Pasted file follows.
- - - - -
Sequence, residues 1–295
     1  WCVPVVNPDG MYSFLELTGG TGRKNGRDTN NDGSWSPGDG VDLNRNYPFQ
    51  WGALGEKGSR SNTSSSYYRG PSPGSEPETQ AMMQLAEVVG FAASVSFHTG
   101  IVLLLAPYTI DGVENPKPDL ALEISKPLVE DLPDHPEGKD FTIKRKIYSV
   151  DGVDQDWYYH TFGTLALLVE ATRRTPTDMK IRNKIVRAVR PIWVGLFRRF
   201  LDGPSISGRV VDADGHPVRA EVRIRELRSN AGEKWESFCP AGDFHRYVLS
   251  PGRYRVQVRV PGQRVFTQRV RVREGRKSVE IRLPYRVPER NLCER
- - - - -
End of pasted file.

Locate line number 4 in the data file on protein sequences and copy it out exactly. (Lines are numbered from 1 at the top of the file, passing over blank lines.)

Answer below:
   101  IVLLLAPYTI DGVENPKPDL ALEISKPLVE DLPDHPEGKD FTIKRKIYSV